Soli Bailey (AUS) on his perfect 10-point-ride. Pic ASP/Will H-S
RANGIROA, French Polynesia (Friday, April 5, 2013) – Competitors arrived at the reef pass at the Rangi Pro Junior today and were greeted by excellent surf in the 5 – 6 foot (1.5 – 2 meter) range. The surfers brave enough to paddle deep up the reef, over the shallow live coral were either rewarded with deep tube rides and big scores, or punished with heavy wipeouts and reef cuts.
Soli Bailey (Byron Bay, NSW/AUS), last year’s Rangi Pro Junior runner-up today surfed a near-flawless heat, posting a monster 9.25 and backed it up with a perfect 10-point-ride. Bailey paddled deep up the point and picked off the biggest waves of the heat and threaded the barrel through multiple heavy and shallow sections and was rewarded accordingly.
“I saw those ones up the reef and I knew you could get a 10 out there,” Bailey said. “I got into that wave late, then the first section nearly clipped me. I got through to the second section and nearly got clipped again, but I was thinking there’s no way I was going to fall off. I’ve still got the shakes, that was was incredible. I had to paddle through the strongest rip to get out there, but I’m so glad I did.”
Jack Scollard (Central Coast, NSW/AUS) was in sync with the powerful polynesian tubes today, locking into two solid barrels, earning two scores in the eight-point-range and easily winning his heat.
“I’m pretty stoked to have gotten those waves,” Scollard said. “I was just sitting deeper than everyone else and I got lucky. It’s shallow out there, I hit the bottom out there a couple of times, nothing too bad though. I stayed in Tahiti longer than all the boys to surf, I only got here two days ago and since then it’s just been surfing and fishing.”
Jake Sylvester (Newcastle, NSW/AUS) is the current No. 1 on the ASP Australasian Pro Junior Series after winning the season opening event during Surfest, Newcastle. Sylvester dominated his opening heat at the Rangi Pro Junior today, pulling into tubes and unloading powerful carves.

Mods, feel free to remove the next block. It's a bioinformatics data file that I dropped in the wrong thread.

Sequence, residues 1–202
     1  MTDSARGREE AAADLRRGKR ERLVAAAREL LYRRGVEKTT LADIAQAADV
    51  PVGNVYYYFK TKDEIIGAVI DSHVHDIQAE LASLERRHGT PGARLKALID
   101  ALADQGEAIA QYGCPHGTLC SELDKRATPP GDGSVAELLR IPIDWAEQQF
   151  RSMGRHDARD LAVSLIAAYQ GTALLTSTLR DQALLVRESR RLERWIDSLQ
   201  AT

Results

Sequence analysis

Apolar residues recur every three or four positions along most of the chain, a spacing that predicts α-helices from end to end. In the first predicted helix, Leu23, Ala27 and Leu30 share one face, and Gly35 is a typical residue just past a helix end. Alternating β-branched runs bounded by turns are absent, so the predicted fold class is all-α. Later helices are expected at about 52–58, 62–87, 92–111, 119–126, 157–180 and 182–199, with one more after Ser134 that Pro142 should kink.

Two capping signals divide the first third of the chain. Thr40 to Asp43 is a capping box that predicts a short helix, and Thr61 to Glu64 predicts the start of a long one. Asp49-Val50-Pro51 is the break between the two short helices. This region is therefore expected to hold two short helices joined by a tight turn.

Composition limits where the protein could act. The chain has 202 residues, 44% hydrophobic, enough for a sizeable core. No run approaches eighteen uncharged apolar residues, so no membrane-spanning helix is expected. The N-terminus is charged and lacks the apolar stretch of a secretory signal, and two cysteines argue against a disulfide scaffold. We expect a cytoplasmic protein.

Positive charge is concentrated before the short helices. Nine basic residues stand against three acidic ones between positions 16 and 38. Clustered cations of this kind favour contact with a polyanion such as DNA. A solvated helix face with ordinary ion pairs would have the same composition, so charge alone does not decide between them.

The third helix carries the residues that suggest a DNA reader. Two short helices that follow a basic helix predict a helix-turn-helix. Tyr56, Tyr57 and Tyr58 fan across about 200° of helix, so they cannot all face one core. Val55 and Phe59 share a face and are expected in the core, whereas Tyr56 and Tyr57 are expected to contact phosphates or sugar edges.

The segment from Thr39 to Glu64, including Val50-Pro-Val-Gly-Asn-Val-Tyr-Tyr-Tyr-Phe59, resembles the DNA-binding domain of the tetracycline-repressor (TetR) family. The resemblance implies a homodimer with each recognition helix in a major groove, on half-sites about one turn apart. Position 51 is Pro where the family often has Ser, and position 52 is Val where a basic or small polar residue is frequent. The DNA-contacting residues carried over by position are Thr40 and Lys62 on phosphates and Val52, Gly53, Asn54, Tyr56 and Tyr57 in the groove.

“It feels good to get that first heat out of the way,” Sylvester said. “After such a good event at home in Newcastle, I just had to reset and start over again. I’d love to win the Australasian Pro Junior Series, there’s not a lot of events this year so you need to make each one count. The surf was pretty bad earlier in the week, but it’s kicked in and we’ve managed to get the best of it today.”
Enrique Ariitu (Tahiti) led the local charge at the event today, taking off deep in some solid tubes and executing some of the day’s best turns. Ariitu is a threat in all conditions, with skills in the tube, on the open face and in the air.
“It’s my goal to win this event,” Ariitu said. “I live in Tahiti but feel at home here. I spend a lot of time in Australia too, so it’s fun to be here with my friends. We’ve been waiting for five days, so it’s good to have some fun waves. I would prefer it to be a little bigger, but it was still really good today.
Mitch Parkinson (Gold Coast, QLD/AUS) closed out the day with an impressive display of tube riding, scoring a near perfect – 9.00 (out of a possible 10). Parkinson won his heat, but came in from the water tender after being slammed on the reef on a solid wave in the last few minutes of the heat.
“It felt like I broke my ribs, but I’m okay now,” Parkinson said. “The bottom was a lot harder than the sand at Snapper, but the barrels were fun so I’m stoked to win and be in a comp with waves like this. Being in the last heat of the day and watching all of the guys get barrels all day was the most difficult thing I’ve done. I was mind surfing all day until I got out there.”